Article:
"No point in recording here after the comprehensive and thorough North Face Survey involving botanists and climbing guides in 2014-2016, but nice to chance upon Brook Saxifrage Saxifraga rivularis (image below) beside a cairn at the top of one of the gullies.

"Even more exciting was renewing acquaintance with Tufted Saxifrage S. cespitosa nearby – it's one of our rarest and most important arctic-alpines, on Schedule 8 of the Wildlife & Countryside Act (W&CA) 1981 and listed as Endangered on the GB Red List.

[Ed.: Check out the BSBI Code of Conduct for the full lists of plants on Schedules 8&9 of the W&CA and read more about the GB Red List here.] 

"Late in the evening as we descended the main path the sun began to break through wispy clouds, low in the west. 

"We eventually returned to the carpark some 12 hours after starting off on the 20km, 1500m ascent expedition tired, hungry but very happy!"

From left: Neil Bell (RBGE/BBS), Pete Hollingsworth
(RBGE), Stephen Venables (broadcaster/ mountaineer),
Simon Milne (RBGE) & Jim McIntosh (BSBI) - 
on the summit!

Many thanks to Jim for this fascinating account - sounds like a great day! 

Being a botanist really can take you to the most amazing places. 

If Jim's account has left you hungry to read more about botanising on Scottish mountains, check out our 4-part 'Botanical Book at Bedtime' by Peter Llewellyn, all about his plant-hunting adventures in the Cairngorms - part one is here.

We'll leave you with an image taken by Jim of the view from the path on the descent - enjoy!



Thursday, 26 August 2021

Call-out for Restharrows

Botanist Mike Wilcox has been looking at Restharrows Ononis spp. and now he has a request - over to Mike:

"Recently, plants seen of Ononis do not fit the description in Stace (2019) for O. repens (on right) and not fully for O. spinosa (below left) even if using Sell & Murrell where O. repens is treated within the subspecies of O. spinosa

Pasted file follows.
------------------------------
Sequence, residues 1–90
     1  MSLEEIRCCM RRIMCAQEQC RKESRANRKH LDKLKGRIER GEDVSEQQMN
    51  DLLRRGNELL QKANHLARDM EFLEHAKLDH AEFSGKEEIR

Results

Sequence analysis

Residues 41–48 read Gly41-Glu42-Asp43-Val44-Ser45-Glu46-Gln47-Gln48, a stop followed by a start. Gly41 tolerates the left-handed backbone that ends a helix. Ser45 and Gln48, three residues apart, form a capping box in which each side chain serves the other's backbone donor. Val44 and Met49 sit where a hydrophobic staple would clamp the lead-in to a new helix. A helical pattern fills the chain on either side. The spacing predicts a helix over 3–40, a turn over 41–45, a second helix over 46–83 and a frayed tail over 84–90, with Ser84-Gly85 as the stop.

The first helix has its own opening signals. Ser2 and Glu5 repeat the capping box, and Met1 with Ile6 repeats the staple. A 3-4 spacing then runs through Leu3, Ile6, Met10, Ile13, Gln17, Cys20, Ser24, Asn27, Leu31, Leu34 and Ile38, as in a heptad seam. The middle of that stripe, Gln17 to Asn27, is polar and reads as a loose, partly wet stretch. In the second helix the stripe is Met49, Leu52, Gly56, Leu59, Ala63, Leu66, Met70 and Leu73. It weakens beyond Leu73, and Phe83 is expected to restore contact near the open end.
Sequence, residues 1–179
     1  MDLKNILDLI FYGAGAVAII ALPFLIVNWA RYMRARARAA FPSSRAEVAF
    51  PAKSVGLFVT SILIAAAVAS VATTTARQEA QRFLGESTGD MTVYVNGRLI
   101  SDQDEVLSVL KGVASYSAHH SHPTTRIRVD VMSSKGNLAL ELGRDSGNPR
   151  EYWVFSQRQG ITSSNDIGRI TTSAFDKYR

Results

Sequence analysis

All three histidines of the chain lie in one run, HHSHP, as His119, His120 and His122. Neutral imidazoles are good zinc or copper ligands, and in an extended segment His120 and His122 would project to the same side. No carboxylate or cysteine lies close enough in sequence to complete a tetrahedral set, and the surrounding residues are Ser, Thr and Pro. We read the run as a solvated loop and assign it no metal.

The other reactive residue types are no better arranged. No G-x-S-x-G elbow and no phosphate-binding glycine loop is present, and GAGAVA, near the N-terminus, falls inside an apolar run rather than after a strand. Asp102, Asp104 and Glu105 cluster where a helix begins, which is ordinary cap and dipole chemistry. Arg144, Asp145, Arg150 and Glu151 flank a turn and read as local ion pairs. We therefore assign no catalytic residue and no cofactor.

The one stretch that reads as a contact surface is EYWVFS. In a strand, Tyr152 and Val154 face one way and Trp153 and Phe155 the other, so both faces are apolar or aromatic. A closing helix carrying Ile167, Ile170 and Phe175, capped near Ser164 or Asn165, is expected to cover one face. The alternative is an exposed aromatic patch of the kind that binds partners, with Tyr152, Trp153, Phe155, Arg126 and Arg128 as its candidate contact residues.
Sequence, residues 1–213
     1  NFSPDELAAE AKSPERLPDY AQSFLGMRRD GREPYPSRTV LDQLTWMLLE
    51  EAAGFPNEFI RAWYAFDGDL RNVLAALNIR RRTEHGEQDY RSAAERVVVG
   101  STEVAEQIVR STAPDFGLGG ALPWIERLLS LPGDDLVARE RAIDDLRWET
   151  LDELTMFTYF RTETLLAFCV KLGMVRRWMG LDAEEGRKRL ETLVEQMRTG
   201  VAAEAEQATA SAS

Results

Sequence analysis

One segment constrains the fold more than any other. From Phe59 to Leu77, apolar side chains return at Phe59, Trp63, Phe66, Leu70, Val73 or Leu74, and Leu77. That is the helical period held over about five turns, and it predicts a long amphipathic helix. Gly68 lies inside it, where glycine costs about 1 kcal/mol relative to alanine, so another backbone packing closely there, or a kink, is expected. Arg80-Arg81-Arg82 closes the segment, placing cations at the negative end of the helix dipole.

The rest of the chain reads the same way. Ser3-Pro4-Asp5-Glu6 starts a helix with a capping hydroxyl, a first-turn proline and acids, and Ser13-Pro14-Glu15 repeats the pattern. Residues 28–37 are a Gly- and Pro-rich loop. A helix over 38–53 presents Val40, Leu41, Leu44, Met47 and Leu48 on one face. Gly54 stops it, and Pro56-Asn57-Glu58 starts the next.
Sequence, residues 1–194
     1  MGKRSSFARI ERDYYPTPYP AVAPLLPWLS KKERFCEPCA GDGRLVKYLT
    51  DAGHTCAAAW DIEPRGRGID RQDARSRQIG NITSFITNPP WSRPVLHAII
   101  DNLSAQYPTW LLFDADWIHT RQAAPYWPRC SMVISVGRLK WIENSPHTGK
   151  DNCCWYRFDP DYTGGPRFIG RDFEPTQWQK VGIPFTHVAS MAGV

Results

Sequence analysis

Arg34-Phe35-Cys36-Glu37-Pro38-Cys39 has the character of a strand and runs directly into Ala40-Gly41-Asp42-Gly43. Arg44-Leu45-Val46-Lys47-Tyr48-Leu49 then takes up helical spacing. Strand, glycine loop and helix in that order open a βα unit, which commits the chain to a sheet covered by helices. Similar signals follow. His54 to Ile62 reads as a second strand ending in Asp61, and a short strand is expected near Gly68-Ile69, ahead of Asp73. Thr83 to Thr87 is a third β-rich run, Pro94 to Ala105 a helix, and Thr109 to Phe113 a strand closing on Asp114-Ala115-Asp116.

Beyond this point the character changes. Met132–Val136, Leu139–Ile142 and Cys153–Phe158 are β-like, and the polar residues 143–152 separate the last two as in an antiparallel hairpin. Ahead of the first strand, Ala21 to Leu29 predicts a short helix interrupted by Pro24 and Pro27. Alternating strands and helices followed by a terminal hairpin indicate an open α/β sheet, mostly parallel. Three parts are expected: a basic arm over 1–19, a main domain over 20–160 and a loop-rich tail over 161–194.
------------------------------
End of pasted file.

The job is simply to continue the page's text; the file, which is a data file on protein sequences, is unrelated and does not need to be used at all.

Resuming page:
"Whether these are hybrids or not is debatable. In relation to the two taxa and putative hybrids, I would be interested in material (fresh) to have a look at in detail, including some anatomical aspects as they are given as two different chromosome numbers in Stace (2019) and looking at aspects such as stomata it might help decide what the two taxa are and or putative hybrids.

"It may be a bit late to start doing this but I will pick it up next year and hopefully see more material from different areas.

"Meanwhile, if you have one or both (or putative hybrids) I would be interested to see some material for a preliminary look at these taxa. Email me at Michaelpw22@hotmail.com for details of where to send your specimens".

Images courtesy of John Crellin at Floral Images

Friday, 13 August 2021

BSBI Training Grants: Supporting botanists in 2021: Part Two

View of Salisbury from Old Sarum Castle
Image: K. Mason
Following on from Mike's account of the 'Using a Flora' course, which he was able to undertake thanks to a BSBI Training grant, we now present Kevin's account of the course he attended in May:

"My journey in plant identification began when I studied a degree in Animal biology and conservation, and more recently my passion for wildflowers has been fed in my current role as a Wildlife Trainee with the Berkshire, Buckinghamshire and Oxfordshire Wildlife Trust. My position means I get to spend my days in amazing habitats from floodplain meadows to ancient woodlands. 

Rough chervil with
purple blotching on the stem
Image courtesy of
John Crellin/ Floral Images
https://www.floralimages.co.uk/page.
php?taxon=chaerophyllum_temulum,1


The incredible diversity of wildflowers I see each day is both beautiful and daunting, and it seemed that as soon as I got to grips with identifying one species, countless others would spring up around me as the season went on. While I like to attempt identification by myself, I felt attending a course in wildflower ID would give me an edge. Thanks to a training grant from BSBI I was able to book myself onto a course.

The course I had chosen was the ‘Wildflower Identification and Survey - Neutral and Calcareous Grasslands’ course, run by the Species Recovery Trust. We met on a rather wet day at Old Sarum Castle on the edge of Salisbury, the cathedral barely visible through the steady rain. Despite the weather, spirits were high and I was really keen to get out into the grassland with the other attendees. 

Our tutor for the day, Dominic, started us off with some common but important species of grasslands and meadows. While I could already quite confidently identify Trifolium pratense and T. repens (Red and White clover), I learned that you can quickly get an idea of the nutrient levels of a grassland by how much White and Red clover is present – more White clover generally means higher nutrient levels. We soon found Lotus corniculatus (Common bird’s-foot trefoil), another common but important grassland flower, told apart from Lotus pedunculatus (Greater bird’s-foot trefoil) by the latter having a hollow stem.